The gas explosion which occurred on Sunday in Obotim Nsit village, Nsit Ibom Local Government Area of Akwa Ibom State, left shocked villagers with various degrees of injuries.
But by Tuesday, two days after the incident, the victims were yet to receive medical attention.
No help came from the local or state governments, or Seven Energy International Ltd, owner of the destroyed pipeline, a PREMIUM TIMES’ reporter who visited the community confirmed.
On Tuesday, the company’s representatives merely presented two cartons of Malta Guinness malt drink, two cartons of Star beer, and a gin to the community. The drinks are worth N6, 500 (about $18).
The village head, Okon Ukpong, confirmed that the community had not received anything before Tuesday.
Seven Energy’s representatives declined to speak to the PREMIUM TIMES’ reporter who met with them at the scene of the explosion.
The company’s officials – three young men – spoke with the Secretary to the Akwa Ibom State government, Etekamba Umoren, and the Special Assistant on Security Matters to Governor Udom Emmanuel, Iniobong Ekong, who also visited the scene.
The pipeline explosion, which the militant group, Niger Delta Avengers has claimed responsibility for, occurred around 11.30pm Sunday.
The impact of the blast – burnt palm trees, destroyed cassava farms, razed economic trees – could be seen within a 1,000 metres radius.
“I think those who doubt the effect of gas flaring, should come and see this. This is less than 24 hours, and yet the impact is so enormous,” the SSG, Mr. Umoren, said in a sad tone, as he walked back to his car. “No amount of fertilizer can help the soil here.”
Some residents of Uyo, the capital of Akwa Ibom, which is about 20 kilometre from the explosion scene, said they heard the sound of the explosion, and saw thick ball of fire illuminate the skyline.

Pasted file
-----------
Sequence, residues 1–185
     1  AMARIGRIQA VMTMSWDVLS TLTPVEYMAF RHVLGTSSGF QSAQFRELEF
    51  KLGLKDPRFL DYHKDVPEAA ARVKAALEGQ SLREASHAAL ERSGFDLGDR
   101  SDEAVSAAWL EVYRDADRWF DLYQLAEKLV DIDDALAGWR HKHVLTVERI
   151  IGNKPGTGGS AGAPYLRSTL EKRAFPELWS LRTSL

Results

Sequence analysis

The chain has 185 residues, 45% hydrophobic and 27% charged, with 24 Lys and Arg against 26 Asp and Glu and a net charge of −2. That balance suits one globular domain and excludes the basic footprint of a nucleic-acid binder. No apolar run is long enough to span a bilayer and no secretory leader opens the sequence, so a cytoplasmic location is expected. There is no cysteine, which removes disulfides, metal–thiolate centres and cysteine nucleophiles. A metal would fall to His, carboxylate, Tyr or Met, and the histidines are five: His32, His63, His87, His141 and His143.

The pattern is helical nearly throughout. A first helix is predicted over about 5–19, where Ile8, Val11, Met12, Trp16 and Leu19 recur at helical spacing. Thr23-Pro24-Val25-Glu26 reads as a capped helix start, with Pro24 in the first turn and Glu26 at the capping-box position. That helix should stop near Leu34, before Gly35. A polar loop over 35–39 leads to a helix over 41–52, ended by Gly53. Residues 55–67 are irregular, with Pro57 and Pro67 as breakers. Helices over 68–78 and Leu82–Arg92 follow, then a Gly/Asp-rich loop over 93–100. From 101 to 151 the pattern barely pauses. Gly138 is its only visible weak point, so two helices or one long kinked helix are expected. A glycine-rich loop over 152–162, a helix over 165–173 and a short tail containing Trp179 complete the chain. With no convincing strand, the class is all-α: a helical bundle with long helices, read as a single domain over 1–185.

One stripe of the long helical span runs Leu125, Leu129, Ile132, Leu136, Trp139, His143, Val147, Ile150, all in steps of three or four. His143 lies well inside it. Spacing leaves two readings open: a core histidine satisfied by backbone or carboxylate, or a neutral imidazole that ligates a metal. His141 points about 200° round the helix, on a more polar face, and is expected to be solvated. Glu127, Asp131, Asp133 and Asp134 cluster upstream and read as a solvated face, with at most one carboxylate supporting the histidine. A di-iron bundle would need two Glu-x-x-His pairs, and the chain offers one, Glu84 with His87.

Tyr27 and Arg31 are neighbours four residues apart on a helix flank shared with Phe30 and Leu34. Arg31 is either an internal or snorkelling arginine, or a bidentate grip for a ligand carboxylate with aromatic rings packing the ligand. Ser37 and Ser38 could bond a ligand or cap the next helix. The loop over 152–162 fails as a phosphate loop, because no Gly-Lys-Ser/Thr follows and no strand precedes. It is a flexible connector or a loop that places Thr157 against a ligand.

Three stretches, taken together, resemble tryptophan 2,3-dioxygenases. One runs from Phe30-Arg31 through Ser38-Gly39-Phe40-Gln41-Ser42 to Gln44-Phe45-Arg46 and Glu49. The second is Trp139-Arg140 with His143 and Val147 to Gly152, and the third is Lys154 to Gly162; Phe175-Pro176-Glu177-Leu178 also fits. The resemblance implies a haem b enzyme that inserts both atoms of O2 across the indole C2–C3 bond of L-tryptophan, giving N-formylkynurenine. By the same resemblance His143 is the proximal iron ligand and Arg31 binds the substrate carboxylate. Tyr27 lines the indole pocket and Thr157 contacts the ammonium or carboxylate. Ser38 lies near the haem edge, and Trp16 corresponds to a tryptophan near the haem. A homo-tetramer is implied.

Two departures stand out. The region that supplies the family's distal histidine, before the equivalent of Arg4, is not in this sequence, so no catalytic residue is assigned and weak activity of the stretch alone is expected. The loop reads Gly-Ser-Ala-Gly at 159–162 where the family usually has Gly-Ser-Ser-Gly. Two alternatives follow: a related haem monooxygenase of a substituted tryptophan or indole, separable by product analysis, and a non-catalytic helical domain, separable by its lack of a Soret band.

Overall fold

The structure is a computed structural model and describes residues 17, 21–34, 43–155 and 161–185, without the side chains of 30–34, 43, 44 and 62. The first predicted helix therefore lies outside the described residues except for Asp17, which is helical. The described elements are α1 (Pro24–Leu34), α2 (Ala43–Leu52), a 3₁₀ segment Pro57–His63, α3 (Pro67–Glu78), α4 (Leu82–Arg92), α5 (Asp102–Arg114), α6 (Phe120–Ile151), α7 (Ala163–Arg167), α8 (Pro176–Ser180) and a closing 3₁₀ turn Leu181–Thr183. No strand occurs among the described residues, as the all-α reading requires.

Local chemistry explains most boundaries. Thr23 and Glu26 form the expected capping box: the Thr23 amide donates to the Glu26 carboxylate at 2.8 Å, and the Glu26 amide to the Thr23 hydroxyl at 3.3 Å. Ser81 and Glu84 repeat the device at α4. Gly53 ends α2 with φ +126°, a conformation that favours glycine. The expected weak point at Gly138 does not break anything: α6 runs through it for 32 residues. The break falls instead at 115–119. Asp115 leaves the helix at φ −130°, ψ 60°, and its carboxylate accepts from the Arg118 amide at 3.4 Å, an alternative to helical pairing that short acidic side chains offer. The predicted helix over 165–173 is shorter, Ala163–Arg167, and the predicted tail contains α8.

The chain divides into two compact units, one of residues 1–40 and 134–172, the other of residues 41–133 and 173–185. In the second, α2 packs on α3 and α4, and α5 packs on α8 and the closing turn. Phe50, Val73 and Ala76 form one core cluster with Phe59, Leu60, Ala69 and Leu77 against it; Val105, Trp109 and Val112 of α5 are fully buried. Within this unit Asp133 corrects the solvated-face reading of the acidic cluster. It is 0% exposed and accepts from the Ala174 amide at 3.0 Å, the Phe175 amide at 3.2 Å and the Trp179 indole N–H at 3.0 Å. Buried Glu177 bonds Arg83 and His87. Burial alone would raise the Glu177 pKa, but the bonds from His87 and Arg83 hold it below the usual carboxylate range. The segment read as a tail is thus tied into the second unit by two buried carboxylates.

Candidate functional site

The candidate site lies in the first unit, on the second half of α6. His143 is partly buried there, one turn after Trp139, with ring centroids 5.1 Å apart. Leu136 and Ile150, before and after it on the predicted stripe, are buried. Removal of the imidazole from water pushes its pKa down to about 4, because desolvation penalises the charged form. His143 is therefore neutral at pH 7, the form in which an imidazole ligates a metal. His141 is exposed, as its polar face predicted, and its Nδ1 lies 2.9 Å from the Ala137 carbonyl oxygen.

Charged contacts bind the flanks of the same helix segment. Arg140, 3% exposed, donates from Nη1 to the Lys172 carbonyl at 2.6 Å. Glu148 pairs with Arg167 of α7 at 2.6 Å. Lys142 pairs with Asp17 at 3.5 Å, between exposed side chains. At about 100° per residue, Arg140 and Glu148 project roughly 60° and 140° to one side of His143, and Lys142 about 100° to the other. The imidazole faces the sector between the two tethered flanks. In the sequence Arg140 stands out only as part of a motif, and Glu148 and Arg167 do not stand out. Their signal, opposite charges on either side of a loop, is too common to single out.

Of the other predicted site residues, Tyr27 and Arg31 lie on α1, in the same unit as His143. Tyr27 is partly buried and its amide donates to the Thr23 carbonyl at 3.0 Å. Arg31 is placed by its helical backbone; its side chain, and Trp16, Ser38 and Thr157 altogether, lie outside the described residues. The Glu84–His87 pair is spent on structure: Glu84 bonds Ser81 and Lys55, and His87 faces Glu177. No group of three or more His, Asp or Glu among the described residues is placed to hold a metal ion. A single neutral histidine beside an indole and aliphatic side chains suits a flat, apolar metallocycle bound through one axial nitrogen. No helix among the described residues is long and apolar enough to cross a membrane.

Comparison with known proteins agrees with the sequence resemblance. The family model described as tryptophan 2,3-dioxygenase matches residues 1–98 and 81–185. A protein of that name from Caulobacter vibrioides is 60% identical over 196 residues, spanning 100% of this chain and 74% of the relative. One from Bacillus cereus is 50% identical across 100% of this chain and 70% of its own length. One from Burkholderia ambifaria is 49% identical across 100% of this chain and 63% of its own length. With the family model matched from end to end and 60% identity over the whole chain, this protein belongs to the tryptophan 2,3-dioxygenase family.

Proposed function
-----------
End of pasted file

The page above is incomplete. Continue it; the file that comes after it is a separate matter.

Justice Udousoro, a sports journalist who lives at Obot Idim which is about five minutes’ drive from Uyo city centre, said the explosion shook his house and others around the neighbouring villages. “I initially thought it was a plane crash,” Mr. Udousoro said.
People living in Obotim Nsit village said they thought the world had come to an end that night.
Terrified by the loud bang and ensuing fire, the villagers said they fled into the bush, falling upon trees and whatever objects stood on their path. Some, including children, fell into pits and wells.
“Some of us ran naked into the bush. It was total confusion,” said an aged woman, Emma Bassey. “I am not sure there is any family which has not suffered one injury or the other.”
Emmanuel Monday, a 35-year-old carpenter who lives with his wife, Enobong, and five children, in Obotim Nsit, said he almost lost his two-year old girl, Joy, who ran out into the bush with others, and fell into a freshly dug 9 -feet deep latrine in a neigbouring compound.
“The fire was running towards our home, we all thought that the world had come to an end,” said Mr. Monday, whose house is more than 700 metres away from the scene. “There was intense heat everywhere.”
Mr. Monday said he was able to grab only one of his five children. Together, they ran through the backdoor into the bush, while his wife grabbed another and ran behind them. The other children followed.
“We heard the cries of a baby near our house that night, and we went into the bush to investigate where it was coming from, and there we saw the little girl inside the pit latrine,” said a middle-aged woman who narrated how Mr. Monday’s daughter was rescued.
Mr. Monday was alerted that his missing daughter had been found, and he went over to pick her. This was around 5am.
2 year-old Joy also fell into a pit latrine (Photo Credit: Ubong Abasi Okon)
The little girl had been crying all day since the incident, the parents said. They suspected she may have sustained internal injuries.
“I don’t have money to take her to hospital,” the father said. “I have bought paracetamol for her because that’s what I could afford.”
Idongesit Okorie, a 45-year-old unemployed father of five, suffered a similar fate. His three-year-old granddaughter, Idorenyin, fell into about 8ft-deep well, filled with water. Luckily, the child was rescued quickly.